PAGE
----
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See also: Peart



Related to peert.


peart (comparative pearter, superlative peartest)

  1. (UK, US, dialect) Lively; active.
    • 1586, William Warner, Albion's England, Booke VI, Chapter XXXI, 1810, The Works of the English Poets, from Chaucer to Cowper, Volume IV, page 579,
      There was a tricksie girle, I wot, // Albeit clad in gray, / As peart as bird, as straite as boult, // As fresh as flower in May.
    • 1856, Alice Carey, Married, not Mated; Or, How they lived at Woodside and Throckmorton Hall, page 109:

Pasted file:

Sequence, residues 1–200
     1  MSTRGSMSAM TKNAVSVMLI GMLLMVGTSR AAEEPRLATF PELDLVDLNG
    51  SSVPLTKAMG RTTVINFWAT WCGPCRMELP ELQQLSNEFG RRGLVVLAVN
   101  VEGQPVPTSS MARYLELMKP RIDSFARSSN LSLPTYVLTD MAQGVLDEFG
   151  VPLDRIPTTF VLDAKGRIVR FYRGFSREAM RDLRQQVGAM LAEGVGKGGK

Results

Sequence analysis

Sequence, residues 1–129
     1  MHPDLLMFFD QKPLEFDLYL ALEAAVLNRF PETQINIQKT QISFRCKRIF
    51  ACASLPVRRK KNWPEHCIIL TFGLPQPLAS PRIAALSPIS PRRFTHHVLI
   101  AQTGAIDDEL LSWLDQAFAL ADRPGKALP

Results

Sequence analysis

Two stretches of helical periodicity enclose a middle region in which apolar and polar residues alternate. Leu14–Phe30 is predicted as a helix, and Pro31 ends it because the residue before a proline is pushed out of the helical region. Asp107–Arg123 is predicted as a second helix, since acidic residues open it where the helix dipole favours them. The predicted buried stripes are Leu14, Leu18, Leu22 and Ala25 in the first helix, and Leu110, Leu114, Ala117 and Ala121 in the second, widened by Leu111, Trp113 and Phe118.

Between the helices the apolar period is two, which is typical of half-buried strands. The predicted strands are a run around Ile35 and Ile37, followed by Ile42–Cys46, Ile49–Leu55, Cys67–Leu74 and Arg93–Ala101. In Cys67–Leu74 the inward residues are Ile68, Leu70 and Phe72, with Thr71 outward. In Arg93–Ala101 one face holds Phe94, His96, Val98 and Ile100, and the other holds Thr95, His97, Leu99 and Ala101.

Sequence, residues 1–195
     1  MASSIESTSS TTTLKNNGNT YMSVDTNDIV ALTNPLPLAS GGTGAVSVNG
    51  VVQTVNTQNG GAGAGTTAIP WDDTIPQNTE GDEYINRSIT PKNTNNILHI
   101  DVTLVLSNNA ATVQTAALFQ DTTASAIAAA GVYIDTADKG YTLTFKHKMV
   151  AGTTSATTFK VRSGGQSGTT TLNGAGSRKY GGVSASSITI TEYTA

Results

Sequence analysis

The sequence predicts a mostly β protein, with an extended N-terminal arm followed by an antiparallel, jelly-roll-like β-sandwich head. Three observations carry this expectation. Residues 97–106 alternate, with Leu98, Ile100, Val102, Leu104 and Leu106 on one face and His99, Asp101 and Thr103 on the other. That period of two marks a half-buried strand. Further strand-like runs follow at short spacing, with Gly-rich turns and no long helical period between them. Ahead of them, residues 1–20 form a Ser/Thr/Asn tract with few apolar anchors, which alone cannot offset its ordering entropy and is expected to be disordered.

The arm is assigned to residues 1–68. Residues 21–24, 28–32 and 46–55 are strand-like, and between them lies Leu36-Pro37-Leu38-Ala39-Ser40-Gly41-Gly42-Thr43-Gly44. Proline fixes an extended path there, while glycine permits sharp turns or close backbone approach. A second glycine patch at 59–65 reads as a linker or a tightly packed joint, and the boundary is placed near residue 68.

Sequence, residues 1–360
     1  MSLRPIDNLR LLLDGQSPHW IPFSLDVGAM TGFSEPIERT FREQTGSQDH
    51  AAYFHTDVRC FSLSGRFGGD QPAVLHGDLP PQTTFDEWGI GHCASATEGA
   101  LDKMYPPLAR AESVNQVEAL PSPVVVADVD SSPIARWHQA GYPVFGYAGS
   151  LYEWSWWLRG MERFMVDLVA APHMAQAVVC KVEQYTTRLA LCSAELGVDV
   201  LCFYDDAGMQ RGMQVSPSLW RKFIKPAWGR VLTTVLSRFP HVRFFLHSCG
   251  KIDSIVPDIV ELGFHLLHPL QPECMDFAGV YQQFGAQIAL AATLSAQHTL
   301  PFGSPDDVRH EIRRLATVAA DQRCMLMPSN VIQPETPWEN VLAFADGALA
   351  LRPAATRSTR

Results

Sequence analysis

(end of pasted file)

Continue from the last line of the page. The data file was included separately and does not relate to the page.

I smiled; and she went on to say I looked a little more peart; maybe I would not be such a slow coach after all.
    • 1893, Lynde Palmer, A Question of Honour, page 88:
      " [] No young man could 'a' ben more peart and alive than that, Dotty."
    • 1979, Marguerite Noble, Filaree: A Novel of an American Life, published 1985, page 109:
      "Yore pa don't hold to card playin' but you needs to have quiet and rest. I'm pleased to see Annie's up to playin'. Baby looks a little more peart this mornin' too."

Derived terms[edit]